When the piece ended almost ten minutes later, Lyn saw Jasper open his eyes again. “So who’s the guy?” he asked with a mischievous smirk on his face. When Lyn didn’t answer, he just chuckled and said, “Kidding. But you’re obviously troubled by something if your playing is any reflection of how you’re feeling right now. Beethoven’s Tempest Sonata is not exactly a peaceful piece, you know.”

The girl sighed. “What, you’re not going to say how many times I messed up, or the articulation problems, or the balancing issues, or-”

“Come on, Lyn, that’s not the main thing here and you know that as well as I do, maybe even better. There’s obviously something on your mind, so if you need someone to talk to, I’m here.”

Lyn stared at the piano, not wanting to look at Jasper in the eyes. She knew he meant well, and she knew deep down that she should trust him again, give him another chance. But after the incident so many years ago… though she could forgive him, she couldn’t forget how hurt she had felt by the incident, and thus, even seven years later, she found that she couldn’t confide in him about her worries and problems. Besides, how could he understand, when he had never met her friends before?

Turning towards him, Lyn said, “It’s fine. I’m sure everything will turn out okay in the end, anyways, but thank you for asking!”

She could tell that he didn’t believe her, but he didn’t pry. Instead, he reached towards the bookshelf and took out a rather large, spiral-bound book out before handing it to her. Lyn stared at it curiously and he explained, “That’s just an old collection of pieces I used to play whenever I was confused, upset, or just needed to vent. I thought you might like it.”

Yes, this will be totally useful without a piano, she thought to herself as she took the book and held it against her chest. Still, the thought was nice, and she appreciated that he would even think of giving her a gift after everything that had happened seven years ago. “Thanks, I guess,” she said with a hint of a smile in her voice, and Jasper smiled back.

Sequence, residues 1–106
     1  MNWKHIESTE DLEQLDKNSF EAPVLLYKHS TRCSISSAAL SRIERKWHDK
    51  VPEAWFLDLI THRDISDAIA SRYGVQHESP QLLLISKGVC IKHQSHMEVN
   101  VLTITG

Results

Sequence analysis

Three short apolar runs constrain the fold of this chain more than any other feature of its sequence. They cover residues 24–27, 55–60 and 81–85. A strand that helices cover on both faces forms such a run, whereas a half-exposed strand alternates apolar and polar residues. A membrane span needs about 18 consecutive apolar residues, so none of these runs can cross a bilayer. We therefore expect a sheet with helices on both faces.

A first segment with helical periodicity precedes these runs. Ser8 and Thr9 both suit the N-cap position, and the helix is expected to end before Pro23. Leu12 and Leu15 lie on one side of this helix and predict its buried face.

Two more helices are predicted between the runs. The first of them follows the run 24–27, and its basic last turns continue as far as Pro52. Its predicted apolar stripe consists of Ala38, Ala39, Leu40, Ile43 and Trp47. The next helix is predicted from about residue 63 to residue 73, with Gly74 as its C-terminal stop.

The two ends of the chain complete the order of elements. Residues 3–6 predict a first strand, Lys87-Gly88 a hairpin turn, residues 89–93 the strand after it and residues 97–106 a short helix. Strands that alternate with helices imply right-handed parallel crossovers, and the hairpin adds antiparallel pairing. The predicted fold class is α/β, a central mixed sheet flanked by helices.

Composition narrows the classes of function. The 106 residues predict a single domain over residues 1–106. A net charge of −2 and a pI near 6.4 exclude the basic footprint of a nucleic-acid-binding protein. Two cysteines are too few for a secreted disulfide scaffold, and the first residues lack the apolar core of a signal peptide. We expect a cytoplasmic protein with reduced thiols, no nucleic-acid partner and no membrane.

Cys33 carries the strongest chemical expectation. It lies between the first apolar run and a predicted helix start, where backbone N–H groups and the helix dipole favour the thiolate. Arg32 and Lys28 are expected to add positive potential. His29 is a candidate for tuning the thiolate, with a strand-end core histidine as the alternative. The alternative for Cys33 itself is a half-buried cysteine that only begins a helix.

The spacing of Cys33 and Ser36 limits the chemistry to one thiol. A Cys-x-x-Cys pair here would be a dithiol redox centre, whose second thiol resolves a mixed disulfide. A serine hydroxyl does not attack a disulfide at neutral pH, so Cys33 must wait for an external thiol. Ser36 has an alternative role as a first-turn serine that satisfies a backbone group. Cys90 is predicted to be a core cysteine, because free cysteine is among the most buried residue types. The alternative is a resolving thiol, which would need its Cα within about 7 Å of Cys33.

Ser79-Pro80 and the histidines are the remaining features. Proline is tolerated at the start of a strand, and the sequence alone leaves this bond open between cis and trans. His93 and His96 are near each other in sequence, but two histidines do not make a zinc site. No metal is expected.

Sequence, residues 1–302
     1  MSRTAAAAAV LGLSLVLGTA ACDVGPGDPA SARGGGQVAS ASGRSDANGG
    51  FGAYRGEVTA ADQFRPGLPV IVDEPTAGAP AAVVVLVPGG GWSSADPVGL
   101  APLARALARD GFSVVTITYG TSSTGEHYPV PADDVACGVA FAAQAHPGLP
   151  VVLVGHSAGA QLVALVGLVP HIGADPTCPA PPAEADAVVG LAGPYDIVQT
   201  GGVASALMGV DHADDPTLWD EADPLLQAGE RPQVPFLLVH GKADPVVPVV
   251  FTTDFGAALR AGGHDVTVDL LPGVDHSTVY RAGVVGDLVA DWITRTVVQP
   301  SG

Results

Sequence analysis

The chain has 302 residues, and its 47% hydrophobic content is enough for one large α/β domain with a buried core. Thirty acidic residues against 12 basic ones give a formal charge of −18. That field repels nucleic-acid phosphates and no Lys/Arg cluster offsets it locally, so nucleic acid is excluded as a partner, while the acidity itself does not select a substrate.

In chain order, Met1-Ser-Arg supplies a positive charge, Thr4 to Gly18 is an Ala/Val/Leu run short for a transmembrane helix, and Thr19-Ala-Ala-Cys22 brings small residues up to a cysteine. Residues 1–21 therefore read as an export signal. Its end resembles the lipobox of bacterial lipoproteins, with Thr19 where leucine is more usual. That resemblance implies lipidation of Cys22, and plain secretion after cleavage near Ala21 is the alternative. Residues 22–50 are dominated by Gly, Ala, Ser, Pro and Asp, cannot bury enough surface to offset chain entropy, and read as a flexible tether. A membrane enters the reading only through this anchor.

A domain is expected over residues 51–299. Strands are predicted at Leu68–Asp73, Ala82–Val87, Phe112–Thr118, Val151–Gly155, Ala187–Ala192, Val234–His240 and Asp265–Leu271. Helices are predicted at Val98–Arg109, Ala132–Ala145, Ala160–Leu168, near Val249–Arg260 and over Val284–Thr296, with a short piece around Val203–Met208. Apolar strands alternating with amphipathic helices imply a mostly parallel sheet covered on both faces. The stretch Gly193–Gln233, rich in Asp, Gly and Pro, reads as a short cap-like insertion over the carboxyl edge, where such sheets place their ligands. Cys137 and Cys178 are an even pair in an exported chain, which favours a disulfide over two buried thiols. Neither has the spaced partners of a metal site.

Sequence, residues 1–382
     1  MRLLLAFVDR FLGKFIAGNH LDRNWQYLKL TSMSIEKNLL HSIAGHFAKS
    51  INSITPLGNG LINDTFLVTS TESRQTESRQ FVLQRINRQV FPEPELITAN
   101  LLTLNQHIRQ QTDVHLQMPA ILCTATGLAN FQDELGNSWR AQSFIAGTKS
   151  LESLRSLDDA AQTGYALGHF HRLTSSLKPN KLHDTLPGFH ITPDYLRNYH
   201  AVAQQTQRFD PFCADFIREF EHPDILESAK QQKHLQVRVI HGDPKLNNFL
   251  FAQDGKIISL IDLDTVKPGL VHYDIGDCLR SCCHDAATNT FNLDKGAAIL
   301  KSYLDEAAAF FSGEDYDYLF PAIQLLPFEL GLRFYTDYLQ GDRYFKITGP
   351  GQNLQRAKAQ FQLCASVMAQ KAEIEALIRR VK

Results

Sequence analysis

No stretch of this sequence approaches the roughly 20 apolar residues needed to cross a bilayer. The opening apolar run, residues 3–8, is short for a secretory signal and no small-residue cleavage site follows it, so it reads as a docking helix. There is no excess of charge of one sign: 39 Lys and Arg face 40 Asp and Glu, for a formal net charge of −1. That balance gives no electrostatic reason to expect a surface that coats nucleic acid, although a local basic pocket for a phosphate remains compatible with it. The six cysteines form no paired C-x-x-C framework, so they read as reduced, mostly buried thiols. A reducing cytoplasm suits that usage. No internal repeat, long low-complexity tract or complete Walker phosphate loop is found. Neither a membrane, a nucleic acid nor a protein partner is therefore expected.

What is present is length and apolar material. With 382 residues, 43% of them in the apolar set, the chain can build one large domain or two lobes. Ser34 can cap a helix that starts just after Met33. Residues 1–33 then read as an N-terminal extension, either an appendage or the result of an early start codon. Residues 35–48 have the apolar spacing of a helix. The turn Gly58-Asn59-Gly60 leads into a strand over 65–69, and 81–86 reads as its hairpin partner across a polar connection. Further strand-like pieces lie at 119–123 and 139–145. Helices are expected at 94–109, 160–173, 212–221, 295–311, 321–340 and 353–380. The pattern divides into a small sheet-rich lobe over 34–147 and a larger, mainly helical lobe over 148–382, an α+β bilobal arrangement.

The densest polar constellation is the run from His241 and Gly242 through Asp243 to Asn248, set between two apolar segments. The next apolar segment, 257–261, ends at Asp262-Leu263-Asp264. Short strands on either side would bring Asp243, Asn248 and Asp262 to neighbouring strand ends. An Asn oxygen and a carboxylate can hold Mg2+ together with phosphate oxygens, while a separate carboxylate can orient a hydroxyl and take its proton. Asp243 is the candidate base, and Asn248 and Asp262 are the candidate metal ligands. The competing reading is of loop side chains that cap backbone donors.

“Not a problem. Though I think you need to head back to your friends now?”

“Probably…” As much as she didn’t want to admit it, she had, indeed, missed Jasper a lot. She had spent seven years under his care before leaving and then spent the next seven with absolutely no contact to or from him. Though she still had problems trusting this man again, it was great to be able to have some time with him, even if for most of the reunion she had been unconscious. She looked at Jasper and saw that, despite his warm smile, he, too, had cherished what little time they had spent just now, and was going to miss her again with her second parting. After a few minutes of silence, she finally stood up and hugged him, glad when he returned the embrace. “I hope to see you again, maybe?”

Jasper nodded. “If fate is kind, perhaps we will.” They pulled apart, and Lyn had to force herself not to look at his face again as she turned towards the door. She opened it and stepped out, the room behind her disappearing as she landed, once more, in the empty stadium.

Still clutching her gift, the girl went back to her room and opened the book to a random page, not sure what to expect. Suddenly, the room was filled with the sound of a piano playing as the notes on the page began transforming into words. Lyn stared at the transformation before a sudden breeze in the room flipped the book to its inside cover, and she felt her eyes water as she read what was written for her there. She turned to the next page and found what looked like a letter to her as a string quartet began weaving melodies around the room.

“I’m sorry, Jazz, I’m sorry…” she whispered to herself, reading and rereading each letter that was written to her as Bach and Mozart and Chopin and Shostakovich resounded throughout her room. Each flip of a page was a different melody and a new letter written to her from Jasper, and, surprisingly (or rather, unsurprisingly), each piece that played perfectly complimented its corresponding letter. “I didn’t realize… all this time… so that’s what you were doing every evening, huh?” She stayed up the rest of the night to read the letters, only crashing when she got to the final word on the last page. As she curled herself over the still-open book, she was vaguely aware of the last movement of Haydn’s Symphony No. 45 being played around her, the final violin duet fading out before the wind closed the book once more and let the girl sleep a dreamless sleep.